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Learning to Walk, Day 59, Tuesday, October 25, Santa Catalina de Somoza to Foncedabon, 17-18 km

October 25, 2022

Today was a gorgeous walk, starting with the sunrise as I left Santa Catalina. I’ve been waiting at least until it is light enough to walk rather than hard dark, which means later and later starts—8:30 this morning. You have to remember to turn around and check on the sunrise since you are always walking away from it on the Camino.

At first the mountains seemed so far away. I thought, “surely I’m not going to cover that much ground in one day? They have to be more than 17-18 km.” But I did, in fact, reach them—at least the beginning of them. The second half of the day was a steady uphill, but not very steep except for a couple of short stretches. It felt good to be climbing again, and my feet did SO much better because there was very little pavement today, almost entirely dirt road and dirt/stony path.

Looks like it will have to be one photo at a time again, and less of them. Those last three took forever to load. Sigh.

This was in the village of El Ganso. So many of the little villages I am walking through the past couple of days are a mix of inhabited houses and ruins. In some of the villages there are clearly efforts to restore them. And many “se vende” (for sale) signs—sometimes on habitable houses, and often on ruins.
The front of this was beautiful, but behind it was a ruin.
The famous (or infamous?) Cowboy Bar in El Ganso. Closed. But I found a lovely place open for a cafe con leche at the far end of the village. With a very kind old man who came out and helped me with my backpack when he saw me struggling with it, then made sure I didn’t leave my poles behind. Because I stayed “off stage” I was walking alone for the most part for the first couple of hours—everyone else who stayed further back hadn’t caught up with me yet. I was his only customer, but I imagine more came through as the morning went on.
Another locked church. And my daily stork’s nest photo.
Yes. I’m going to start into those mountains by the end of the day.
Starting to climb.
People had stuck branches in the fence to make crosses all along the path here.

I stopped in Rabanel del Camino for lunch, and to get out of the rain. And, drum roll, there was an open church!! I think because it was associated with the monastery across the street. You can stay at the monastery if you want time for reflection, but you have to stay at least two nights. Which makes sense. There not a whole lot of time for reflecting when you arrive, eat, do laundry, and have to get up early and start walking the next day.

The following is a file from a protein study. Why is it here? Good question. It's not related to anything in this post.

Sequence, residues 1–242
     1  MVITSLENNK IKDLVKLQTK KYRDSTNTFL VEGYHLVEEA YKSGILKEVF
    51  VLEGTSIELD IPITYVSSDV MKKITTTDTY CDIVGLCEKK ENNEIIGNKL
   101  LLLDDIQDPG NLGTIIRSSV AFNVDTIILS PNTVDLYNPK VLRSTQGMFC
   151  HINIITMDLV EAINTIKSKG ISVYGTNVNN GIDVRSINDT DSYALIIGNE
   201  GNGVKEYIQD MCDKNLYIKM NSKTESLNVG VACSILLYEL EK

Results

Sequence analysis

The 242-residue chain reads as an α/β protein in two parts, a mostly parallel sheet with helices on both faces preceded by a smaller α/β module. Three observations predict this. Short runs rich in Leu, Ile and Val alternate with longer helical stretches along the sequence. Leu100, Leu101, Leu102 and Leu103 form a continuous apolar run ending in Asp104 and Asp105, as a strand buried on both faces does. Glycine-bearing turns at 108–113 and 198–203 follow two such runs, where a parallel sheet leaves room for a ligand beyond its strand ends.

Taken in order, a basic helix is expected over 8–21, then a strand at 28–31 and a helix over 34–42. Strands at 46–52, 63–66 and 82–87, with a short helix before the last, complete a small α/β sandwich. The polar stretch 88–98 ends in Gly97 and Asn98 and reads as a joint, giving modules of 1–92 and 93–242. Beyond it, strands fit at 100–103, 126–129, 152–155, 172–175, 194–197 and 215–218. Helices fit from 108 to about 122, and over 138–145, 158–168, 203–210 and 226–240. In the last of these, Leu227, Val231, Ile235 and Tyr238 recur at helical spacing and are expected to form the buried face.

The church was very old and simple. Could have done without the carpet. But since the monastery uses this church most days, I’m sure the carpet is warmer than the stone floor in the cold weather.
Not sure I would trust this balcony!
Some blue peeking through!
Looking back.
Foncebadon, where I’m staying tonight, was nothing but ruins until about 2000, when people started rebuilding. Now there are a few albergues and restaurants. Here is what my guidebook says about it: in the 10th century a church council took place here, and in the 11th century a hermit, Gaucelmo founded a pilgrims’ refuge. This village was an important station on the Camino centuries ago, but was abandoned and fell into ruins until 2000. If you have read Paulo Coelho’s book on the Pilgrimage/Camino (I don’t actually recommend it. There are far better books on the Camino, and I find much of the spirituality in his books questionable and a bit shallow. Sorry if you are a big fan!) this is where he fights his demon dog. Apparently some guidebooks and novels (Coelho’s included) have led to Foncebadon having a reputation for rabid dogs. That is no longer a worry.

Tomorrow I climb a bit more, 2 km to one of the most famous and significant points along the Camino, Cruz de Ferro. This is where pilgrims place the rock they have carried with them, often signifying a burden they are leaving behind. I have carried two small stones with me to place there—one from the coast of Maine and one from Iona—two places that are the most dear to my heart and renewing for me. I wanted to leave something that symbolized renewal and rest and gifts from the ocean, which never fails to restores my mental and emotional health—which is also the purpose of this sabbatical after a few challenging, stressful years! Maine, Iona and walking across France and Spain, they all represent Sabbath for me (well, I worked my butt off on Iona, but it is still a place of renewal)— taking a real break from work and daily life to rest, remember, reflect, gain new perspective, and be restored by God’s creation, both nature and the people you share those breaks with, whether they are old friends or new.

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  1. dianner212 permalink

    “…all represent Sabbath for me”.. I’m so glad you’re sharing it with us.

  2. Nancy permalink

    Very nice Beverly. Thank you for sharing this.

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